From Straits Times, June 9, 2007
By Grace Ng
“SINGAPORE banks are promising homeowners a lot more clarity on how the interest rates charged on their home loans change over time.
The banks have responded to growing anger among homeowners with mortgages who say they are confused over rate changes.
Under a new agreement, banks must clearly disclose their ‘board rates’ and key indicators that these rates are pegged to, such as the Central Provident Fund (CPF) or Sibor rate – the interest rate at which banks lend money to each other.
A board rate is a benchmark rate which reflects how much it costs each year to take out a loan. Banks use the benchmark rate to set rates for different years.
For example, Year One of a home loan could be 1 per cent below the board rate, while Year Two’s rate is 0.75 per cent below.
In recent months, complaints have been raised over the fact these board rates can vary between banks, and even between different home loan packages offered by the same bank.
For instance, UOB’s current HomePlus Rate is 4.5 per cent, while DBS has a Home Loan Rate of 4 per cent.
Banks have also been criticised for not being transparent about how these board rates are determined and changed over time.
Now, banks have to provide standard information about their rates so customers can compare them more easily, said Mrs Ong-Ang Ai Boon, director of the Association of Banks in Singapore (ABS).
More banks now link home loan rates to a publicly available rate, such as the bank’s prime rate, CPF rate or Sibor. This more transparent arrangement means that when these rates go down, home loan rates should also fall.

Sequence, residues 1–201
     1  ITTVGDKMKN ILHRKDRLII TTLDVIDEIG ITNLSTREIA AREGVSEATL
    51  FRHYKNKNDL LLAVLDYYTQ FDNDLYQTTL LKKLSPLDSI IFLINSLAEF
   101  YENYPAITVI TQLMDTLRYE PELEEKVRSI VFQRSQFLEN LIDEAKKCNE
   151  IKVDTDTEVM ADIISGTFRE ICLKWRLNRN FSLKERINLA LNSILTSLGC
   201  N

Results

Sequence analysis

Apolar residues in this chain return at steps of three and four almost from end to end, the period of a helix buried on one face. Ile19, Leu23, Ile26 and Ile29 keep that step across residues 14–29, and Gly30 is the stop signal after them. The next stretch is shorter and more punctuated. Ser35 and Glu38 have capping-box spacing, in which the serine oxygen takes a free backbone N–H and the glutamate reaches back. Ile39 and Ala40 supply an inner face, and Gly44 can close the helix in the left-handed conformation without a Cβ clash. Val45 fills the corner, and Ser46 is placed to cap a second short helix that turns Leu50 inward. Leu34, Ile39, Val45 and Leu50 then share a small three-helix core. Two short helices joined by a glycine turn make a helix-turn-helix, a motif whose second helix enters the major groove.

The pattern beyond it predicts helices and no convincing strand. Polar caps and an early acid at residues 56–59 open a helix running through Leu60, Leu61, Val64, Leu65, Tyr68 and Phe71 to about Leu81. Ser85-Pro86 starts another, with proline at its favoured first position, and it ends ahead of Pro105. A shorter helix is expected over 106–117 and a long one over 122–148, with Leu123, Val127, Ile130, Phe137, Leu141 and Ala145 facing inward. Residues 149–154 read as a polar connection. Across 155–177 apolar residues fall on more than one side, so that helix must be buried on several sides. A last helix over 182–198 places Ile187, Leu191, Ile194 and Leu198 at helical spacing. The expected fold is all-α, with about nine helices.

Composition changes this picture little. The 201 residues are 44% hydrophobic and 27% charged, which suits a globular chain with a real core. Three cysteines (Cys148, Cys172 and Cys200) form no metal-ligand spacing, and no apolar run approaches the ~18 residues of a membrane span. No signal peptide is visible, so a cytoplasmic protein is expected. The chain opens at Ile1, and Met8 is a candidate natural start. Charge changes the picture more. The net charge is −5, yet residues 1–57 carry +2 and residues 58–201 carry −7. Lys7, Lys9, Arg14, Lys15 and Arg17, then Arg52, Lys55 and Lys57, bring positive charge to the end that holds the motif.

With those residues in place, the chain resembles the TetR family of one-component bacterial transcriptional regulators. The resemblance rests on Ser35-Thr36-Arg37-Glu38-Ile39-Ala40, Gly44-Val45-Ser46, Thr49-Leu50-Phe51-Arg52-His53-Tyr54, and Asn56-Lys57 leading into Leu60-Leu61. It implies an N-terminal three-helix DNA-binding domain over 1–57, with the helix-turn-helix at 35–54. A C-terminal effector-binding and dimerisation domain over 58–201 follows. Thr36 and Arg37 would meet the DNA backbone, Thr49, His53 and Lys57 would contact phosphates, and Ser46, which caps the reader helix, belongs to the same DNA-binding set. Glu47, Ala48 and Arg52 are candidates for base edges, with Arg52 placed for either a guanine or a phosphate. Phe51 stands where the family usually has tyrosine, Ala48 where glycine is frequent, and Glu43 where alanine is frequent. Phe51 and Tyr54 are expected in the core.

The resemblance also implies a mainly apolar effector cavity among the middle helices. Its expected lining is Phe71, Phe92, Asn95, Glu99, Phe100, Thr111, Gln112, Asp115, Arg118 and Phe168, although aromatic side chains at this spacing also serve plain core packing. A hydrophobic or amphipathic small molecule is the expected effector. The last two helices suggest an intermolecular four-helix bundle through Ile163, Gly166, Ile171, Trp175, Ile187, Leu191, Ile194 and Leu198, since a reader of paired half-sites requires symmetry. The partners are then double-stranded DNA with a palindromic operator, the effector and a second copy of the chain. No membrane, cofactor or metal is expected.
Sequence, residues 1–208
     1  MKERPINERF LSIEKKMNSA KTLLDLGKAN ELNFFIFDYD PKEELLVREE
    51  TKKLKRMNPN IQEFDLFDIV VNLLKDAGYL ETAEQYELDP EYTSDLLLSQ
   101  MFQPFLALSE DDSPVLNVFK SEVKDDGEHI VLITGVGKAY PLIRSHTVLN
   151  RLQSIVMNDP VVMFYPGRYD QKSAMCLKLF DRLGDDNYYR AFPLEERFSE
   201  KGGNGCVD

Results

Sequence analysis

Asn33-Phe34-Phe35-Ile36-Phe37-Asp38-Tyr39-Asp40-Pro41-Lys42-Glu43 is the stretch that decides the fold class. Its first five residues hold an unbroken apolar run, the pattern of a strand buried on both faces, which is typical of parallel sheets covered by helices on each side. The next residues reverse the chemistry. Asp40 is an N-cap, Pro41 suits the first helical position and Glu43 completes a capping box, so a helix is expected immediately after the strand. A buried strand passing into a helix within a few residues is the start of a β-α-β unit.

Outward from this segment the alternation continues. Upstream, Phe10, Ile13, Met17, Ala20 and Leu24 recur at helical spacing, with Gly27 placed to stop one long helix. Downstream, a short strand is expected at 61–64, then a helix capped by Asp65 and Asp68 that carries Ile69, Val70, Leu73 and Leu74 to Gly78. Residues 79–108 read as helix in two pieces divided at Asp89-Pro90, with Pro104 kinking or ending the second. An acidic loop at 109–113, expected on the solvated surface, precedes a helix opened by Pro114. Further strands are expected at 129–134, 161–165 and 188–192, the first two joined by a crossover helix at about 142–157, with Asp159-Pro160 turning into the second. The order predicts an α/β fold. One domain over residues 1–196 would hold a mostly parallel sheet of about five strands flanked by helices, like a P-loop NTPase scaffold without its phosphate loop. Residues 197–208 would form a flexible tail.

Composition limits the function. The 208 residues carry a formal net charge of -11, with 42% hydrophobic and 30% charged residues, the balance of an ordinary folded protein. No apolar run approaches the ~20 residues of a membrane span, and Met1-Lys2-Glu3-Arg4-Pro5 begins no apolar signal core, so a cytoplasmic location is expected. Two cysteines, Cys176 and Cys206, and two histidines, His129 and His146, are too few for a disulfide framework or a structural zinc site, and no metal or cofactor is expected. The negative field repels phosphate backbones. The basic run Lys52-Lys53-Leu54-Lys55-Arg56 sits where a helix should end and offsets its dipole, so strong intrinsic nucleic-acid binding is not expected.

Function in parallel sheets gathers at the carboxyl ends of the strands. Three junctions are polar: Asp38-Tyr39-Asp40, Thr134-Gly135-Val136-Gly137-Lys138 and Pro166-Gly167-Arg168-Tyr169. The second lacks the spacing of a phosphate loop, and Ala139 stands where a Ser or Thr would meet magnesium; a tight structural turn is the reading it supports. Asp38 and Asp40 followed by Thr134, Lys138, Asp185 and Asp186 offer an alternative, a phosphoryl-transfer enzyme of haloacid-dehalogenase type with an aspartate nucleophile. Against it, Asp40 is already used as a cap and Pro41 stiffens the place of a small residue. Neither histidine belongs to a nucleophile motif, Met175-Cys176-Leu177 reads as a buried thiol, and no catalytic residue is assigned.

To further improve transparency, customers have a right to ask banks for a detailed loan repayment schedule for their loan packages. And when rates change, banks must now explain to customers why they were changed and give a revised repayment schedule on request.
The new measures, which kick in next Friday, apply to both new HDB and private property loans that take effect from that date.
The ABS will distribute a consumer guide – Key Questions To Ask Your Bank Before Taking A Home Loan – to potential borrowers from June 15.
This is the first time the banks have collectively set out guidelines to provide more information to help customers choose their home loans. The move comes more than six months after a spate of complaints from homeowners prompted the Monetary Authority of Singapore to urge banks to improve transparency.
The changes are ‘long overdue’, said Mr Seah Seng Choon, Consumers Association of Singapore executive director. Referring to claims that some home loans rates have not followed Sibor down, Mr Seah said: ‘We want to see fair play. The bank should adjust its rates at the same pace, either up or down.’
Banks told The Straits Times yesterday that they welcome the new measures, which added to their individual efforts to lift transparency on rates in recent months.
Maybank now offers a single board rate, while the local banks and Stanchart offer some home loans products that are linked to publicly available rates.
Still, customers are wondering whether the end result of the transparency will be even higher board rates and more expensive loans.
Homeowner Jack Tan, 40, for example, said that when banks launched home loan packages linked to publicly available rates like Sibor, the rates were higher than that of conventional home loans.